2. Great post and a great reminder for all ages – adults need to be bored, too! Our firstborn is only 9 months old but I still think the issue of boredom applies, albeit the expression and management of it is different since he isn’t as independent as an older child. Reading this post, I see that we’re on the right path. From the beginning he’s had some type of ‘independent play’, as a newborn this was 5-10 mins on the blanket or in the bouncer where I could see him but was out of his way. Now he plays in his play yard for 30-45 mins once a day, happy as a clam. I had read that provided too many toys to choose from can be overwhelming so I tried to give him a few at a type to master and rotate them every few days. Right now he just loves containers of any sort. Doesn’t care for the toys inside, just give him the box!

    Lastly, on the topic of TV, I read in Jim Trealese’s (sp?) Read-Aloud Handbook how he and his wife applied the no TV rule during the week when his kids were already in school. It didn’t go over well, obviously, but eventually the kids adjusted. So we decided (and hopefully will stick to it!) to save TV time until after he’s in bed at night. That way, by the time he’s in school it should be normal for him to not watch anything during the week. We’ll see… the best intentions of mice and men, right? 😉 But this has already made a positive impact in my day to day happenings. I get more done during the day and have more quality time with my son, and then in the evening as a family, than I would if the TV was on.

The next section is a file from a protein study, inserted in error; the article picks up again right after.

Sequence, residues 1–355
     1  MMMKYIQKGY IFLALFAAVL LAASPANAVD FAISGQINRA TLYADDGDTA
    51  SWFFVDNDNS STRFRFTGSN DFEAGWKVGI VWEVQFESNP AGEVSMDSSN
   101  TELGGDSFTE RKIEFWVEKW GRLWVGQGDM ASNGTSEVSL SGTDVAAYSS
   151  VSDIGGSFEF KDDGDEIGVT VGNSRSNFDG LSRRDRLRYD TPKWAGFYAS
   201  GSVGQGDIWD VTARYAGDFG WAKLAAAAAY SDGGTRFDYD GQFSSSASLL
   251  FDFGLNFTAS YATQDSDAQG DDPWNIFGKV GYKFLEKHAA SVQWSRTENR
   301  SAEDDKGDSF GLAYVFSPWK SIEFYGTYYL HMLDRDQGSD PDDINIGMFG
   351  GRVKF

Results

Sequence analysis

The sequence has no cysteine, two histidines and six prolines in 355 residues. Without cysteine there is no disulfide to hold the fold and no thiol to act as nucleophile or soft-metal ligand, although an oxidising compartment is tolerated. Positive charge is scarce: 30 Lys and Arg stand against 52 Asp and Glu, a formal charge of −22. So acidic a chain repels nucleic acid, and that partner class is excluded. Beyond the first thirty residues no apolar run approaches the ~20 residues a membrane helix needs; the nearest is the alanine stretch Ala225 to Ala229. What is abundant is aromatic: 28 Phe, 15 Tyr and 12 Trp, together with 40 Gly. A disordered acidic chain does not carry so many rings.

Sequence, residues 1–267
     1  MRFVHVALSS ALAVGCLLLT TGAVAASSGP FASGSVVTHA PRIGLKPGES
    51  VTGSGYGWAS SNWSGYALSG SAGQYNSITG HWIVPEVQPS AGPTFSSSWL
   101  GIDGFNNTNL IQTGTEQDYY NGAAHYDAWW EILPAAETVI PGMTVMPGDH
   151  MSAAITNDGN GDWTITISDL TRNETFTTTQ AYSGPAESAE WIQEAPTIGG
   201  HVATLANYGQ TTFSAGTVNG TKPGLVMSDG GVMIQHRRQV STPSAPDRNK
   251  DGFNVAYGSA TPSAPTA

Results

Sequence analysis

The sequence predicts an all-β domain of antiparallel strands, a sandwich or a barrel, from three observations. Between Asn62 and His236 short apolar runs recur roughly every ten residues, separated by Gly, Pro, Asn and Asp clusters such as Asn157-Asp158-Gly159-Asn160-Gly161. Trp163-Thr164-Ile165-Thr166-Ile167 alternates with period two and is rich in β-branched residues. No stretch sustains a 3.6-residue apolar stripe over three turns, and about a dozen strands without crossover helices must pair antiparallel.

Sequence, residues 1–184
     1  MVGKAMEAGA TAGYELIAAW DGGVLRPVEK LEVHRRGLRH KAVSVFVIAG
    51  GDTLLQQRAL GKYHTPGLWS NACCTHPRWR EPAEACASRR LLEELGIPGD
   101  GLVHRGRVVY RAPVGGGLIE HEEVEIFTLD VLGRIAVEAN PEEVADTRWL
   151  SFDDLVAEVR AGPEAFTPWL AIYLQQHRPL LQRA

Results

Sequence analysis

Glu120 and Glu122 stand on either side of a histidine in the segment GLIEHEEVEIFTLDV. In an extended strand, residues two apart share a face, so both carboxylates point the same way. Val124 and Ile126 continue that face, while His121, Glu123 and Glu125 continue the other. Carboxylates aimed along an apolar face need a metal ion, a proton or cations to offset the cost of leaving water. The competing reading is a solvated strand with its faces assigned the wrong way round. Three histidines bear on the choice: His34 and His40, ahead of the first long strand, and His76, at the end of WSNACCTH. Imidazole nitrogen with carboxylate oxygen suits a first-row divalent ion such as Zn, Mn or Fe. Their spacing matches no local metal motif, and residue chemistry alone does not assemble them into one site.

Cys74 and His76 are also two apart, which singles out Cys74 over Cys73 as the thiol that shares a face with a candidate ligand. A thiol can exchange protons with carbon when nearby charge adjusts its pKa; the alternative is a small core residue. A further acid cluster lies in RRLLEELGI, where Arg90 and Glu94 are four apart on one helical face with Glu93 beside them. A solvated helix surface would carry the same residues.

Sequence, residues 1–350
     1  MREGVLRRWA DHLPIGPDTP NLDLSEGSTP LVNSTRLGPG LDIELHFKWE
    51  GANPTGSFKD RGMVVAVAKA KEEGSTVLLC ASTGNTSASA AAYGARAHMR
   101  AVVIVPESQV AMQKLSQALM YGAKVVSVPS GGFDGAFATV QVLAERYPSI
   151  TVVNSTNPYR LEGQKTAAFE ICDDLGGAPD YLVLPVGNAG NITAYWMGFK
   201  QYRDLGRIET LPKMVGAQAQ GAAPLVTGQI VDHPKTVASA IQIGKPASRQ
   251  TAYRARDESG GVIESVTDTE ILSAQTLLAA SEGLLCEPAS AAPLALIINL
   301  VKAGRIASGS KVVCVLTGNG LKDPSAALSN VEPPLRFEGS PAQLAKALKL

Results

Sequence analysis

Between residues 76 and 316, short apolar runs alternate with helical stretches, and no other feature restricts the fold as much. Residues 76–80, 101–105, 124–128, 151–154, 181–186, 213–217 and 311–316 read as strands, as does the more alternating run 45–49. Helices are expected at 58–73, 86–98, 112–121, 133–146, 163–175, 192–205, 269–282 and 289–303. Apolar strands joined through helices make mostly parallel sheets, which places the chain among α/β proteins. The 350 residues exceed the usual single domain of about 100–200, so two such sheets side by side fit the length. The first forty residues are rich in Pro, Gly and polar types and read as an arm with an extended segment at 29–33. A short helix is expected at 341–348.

I’m thrilled to have found this blog. What a great resource!

  3. I couldn’t agree more. My children used to spend way too much time watching television or playing video games, and not enough time outdoors. My husband and I then decided to put our foot down. The kids had to play inside or out for at least two hours for every hour of television they watch. Funny thing is, now we can’t get them inside 🙂

  4. Great article! I totally agree that it wouldn’t take too long to start seeing creative play. If you don’t want to rid of the TV, then perhaps start slow and just use the TV for family movies, but keep it off at other times. This works well for teens also! I have 3 teens and we are 6 months into having no cable. We are challenged some days, but busy most days.